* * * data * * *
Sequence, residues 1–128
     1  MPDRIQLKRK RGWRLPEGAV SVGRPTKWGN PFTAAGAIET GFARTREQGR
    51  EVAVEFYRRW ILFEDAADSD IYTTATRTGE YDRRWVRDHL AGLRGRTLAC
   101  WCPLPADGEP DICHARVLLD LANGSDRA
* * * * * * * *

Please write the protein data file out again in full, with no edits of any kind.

Sequence, residues 1–128
     1  MPDRIQLKRK RGWRLPEGAV SVGRPTKWGN PFTAAGAIET GFARTREQGR
    51  EVAVEFYRRW ILFEDAADSD IYTTATRTGE YDRRWVRDHL AGLRGRTLAC
   101  WCPLPADGEP DICHARVLLD LANGSDRA